Hester M. Peirce, a Commissioner at the US Securities and Exchange Commission (SEC) has released a statement laying out her formal dissent after the securities regulator on Thursday July 26th rejected the Winklevoss twins’ bid for a Bitcoin Exchange-Traded Fund (ETF).
The latest rejection of ETF bid follows the 2017 rejection of a proposal the brothers made to the SEC in June 2016. The brothers had then asked the commission to allow it to list and trade shares of a Bitcoin ETF under the name Winklevoss Bitcoin Trust. After the initial rejection, the brothers petitioned for a “review of the disapproval by delegated authority,” which the agency is now rejecting again.
All through the week leading to the rejection, Bitcoin had seen soaring prices as talk of the impending decision had a positive impact on the crypto. However, following the commission’s unexpected decision, bitcoin prices registered a fall of up to 6% in value.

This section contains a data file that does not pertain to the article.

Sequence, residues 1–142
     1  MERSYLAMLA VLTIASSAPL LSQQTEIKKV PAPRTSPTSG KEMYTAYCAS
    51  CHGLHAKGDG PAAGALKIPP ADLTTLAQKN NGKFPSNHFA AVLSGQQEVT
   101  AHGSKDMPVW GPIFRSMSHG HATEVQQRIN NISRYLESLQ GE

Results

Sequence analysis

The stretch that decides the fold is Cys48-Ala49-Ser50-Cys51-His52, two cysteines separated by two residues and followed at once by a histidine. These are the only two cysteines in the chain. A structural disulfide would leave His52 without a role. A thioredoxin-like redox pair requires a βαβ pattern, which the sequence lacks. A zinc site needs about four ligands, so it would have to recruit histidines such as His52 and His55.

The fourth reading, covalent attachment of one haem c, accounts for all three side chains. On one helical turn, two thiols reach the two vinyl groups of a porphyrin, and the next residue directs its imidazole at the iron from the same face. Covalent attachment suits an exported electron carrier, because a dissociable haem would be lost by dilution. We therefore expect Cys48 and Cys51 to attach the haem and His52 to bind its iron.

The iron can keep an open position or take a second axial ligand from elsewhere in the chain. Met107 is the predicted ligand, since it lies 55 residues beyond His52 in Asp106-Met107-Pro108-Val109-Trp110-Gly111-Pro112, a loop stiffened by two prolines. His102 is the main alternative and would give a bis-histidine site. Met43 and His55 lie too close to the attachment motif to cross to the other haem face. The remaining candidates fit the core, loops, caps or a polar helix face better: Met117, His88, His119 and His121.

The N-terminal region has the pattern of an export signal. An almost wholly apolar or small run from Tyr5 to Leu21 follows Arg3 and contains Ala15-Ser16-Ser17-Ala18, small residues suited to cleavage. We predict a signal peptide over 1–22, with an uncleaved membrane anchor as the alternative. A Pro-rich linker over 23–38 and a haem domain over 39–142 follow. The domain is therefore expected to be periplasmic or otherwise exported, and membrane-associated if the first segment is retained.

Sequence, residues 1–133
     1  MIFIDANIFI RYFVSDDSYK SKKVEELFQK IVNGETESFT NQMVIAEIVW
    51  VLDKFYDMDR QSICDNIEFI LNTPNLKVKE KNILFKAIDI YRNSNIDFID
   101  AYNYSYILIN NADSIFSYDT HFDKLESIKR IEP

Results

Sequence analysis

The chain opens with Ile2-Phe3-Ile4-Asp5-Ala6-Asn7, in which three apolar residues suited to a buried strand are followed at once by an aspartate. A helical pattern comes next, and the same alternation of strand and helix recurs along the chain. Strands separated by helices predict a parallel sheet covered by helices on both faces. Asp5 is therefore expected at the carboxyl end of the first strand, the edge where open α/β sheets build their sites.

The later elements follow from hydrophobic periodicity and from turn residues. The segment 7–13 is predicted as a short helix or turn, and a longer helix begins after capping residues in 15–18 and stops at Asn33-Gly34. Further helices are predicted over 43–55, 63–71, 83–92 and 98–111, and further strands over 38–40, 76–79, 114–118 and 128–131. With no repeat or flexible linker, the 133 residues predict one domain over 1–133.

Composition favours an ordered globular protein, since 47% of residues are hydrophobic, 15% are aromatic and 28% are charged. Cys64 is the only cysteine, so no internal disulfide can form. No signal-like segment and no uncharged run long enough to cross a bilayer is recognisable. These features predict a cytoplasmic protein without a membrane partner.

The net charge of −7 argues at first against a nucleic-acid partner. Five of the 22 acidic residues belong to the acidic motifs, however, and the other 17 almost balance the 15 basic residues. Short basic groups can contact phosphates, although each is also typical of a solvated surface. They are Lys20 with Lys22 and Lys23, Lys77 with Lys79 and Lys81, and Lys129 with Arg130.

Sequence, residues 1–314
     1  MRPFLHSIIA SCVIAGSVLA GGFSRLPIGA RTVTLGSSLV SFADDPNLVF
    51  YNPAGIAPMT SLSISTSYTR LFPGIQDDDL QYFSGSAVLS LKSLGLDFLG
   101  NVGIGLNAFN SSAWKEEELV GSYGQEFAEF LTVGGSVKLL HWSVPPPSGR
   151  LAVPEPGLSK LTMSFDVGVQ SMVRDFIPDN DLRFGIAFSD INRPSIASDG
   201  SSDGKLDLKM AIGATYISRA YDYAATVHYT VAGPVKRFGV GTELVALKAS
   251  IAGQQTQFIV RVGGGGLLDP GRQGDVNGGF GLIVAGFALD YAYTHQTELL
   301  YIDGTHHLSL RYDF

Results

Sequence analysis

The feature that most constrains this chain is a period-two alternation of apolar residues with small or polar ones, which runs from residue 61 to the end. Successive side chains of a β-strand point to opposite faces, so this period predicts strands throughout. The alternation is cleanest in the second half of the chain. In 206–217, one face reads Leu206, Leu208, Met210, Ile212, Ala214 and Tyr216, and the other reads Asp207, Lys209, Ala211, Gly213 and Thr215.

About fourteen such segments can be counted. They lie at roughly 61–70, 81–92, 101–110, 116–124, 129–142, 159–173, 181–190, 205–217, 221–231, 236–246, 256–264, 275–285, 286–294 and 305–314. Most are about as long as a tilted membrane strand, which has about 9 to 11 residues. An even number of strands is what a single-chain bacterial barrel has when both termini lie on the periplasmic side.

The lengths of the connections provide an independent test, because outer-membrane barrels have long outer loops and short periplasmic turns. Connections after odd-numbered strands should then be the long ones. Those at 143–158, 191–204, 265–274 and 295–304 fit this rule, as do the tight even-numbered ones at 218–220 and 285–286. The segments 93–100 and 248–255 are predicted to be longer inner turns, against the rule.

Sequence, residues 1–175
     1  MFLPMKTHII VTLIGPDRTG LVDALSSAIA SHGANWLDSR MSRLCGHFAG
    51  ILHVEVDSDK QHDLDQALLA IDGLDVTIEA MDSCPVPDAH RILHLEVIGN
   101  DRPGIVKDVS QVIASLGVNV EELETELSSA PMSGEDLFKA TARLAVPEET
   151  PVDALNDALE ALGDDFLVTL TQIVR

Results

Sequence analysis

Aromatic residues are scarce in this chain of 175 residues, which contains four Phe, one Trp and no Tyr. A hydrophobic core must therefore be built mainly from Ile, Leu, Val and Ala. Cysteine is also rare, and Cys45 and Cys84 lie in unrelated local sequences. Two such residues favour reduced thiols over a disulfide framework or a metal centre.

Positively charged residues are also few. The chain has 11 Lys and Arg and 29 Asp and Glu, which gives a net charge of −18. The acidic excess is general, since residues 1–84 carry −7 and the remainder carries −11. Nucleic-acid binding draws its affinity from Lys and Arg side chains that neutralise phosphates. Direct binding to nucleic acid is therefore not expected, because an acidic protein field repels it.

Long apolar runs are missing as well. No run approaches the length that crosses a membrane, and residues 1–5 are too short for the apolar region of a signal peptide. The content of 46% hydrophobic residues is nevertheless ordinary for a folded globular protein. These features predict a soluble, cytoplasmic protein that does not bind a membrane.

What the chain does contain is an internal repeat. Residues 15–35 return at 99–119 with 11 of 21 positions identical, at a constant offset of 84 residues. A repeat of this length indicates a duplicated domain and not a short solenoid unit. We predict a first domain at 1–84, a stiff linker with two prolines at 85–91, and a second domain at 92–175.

In stating her dissenting opinion to the position taken by securities agency, Commissioner Peirce said the commission “erred fundamentally” on three aspects. To begin with, Peirce argues that the body sidestepped its “limited role” and instead chose to zero in on the characteristics of a bitcoin market rather than “the derivative the applicant sought to list.”
Peirce’s position was that:
“The Commission erroneously reads…the [Securities Exchange] Act, which requires…that the rules of a national securities exchange be ‘designed to prevent fraudulent and manipulative acts and practices…’ [It] focuses its decision not on the ETP shares to be listed …but on the underlying bitcoin spot market….[instead of] the ability of BZX…to surveil trading of and to deter manipulation in the ETP shares listed and traded on BZX.”
Peirce also argued that the “concerns underlying the [SEC] disapproval order go to the merits of bitcoin [itself] as an investment,” and that “if the disapproval order’s rigorous standard were applied consistently, many [other] commodity-based ETPs would be in peril, as rumors of manipulation plague many commodity markets.”